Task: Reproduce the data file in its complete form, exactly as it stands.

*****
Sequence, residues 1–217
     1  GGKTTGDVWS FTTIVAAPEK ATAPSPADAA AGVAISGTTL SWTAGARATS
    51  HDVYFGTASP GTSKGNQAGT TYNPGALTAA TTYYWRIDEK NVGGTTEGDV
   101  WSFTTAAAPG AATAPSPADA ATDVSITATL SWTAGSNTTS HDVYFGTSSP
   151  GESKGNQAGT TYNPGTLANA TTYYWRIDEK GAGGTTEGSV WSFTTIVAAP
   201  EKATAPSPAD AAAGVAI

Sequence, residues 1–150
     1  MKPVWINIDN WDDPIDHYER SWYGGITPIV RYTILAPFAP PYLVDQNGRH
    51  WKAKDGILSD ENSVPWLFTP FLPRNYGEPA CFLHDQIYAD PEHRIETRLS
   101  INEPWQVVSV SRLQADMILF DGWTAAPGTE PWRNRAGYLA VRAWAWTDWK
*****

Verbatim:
Sequence, residues 1–217
     1  GGKTTGDVWS FTTIVAAPEK ATAPSPADAA AGVAISGTTL SWTAGARATS
    51  HDVYFGTASP GTSKGNQAGT TYNPGALTAA TTYYWRIDEK NVGGTTEGDV
   101  WSFTTAAAPG AATAPSPADA ATDVSITATL SWTAGSNTTS HDVYFGTSSP
   151  GESKGNQAGT TYNPGTLANA TTYYWRIDEK GAGGTTEGSV WSFTTIVAAP
   201  EKATAPSPAD AAAGVAI

Sequence, residues 1–150
     1  MKPVWINIDN WDDPIDHYER SWYGGITPIV RYTILAPFAP PYLVDQNGRH
    51  WKAKDGILSD ENSVPWLFTP FLPRNYGEPA CFLHDQIYAD PEHRIETRLS
   101  INEPWQVVSV SRLQADMILF DGWTAAPGTE PWRNRAGYLA VRAWAWTDWK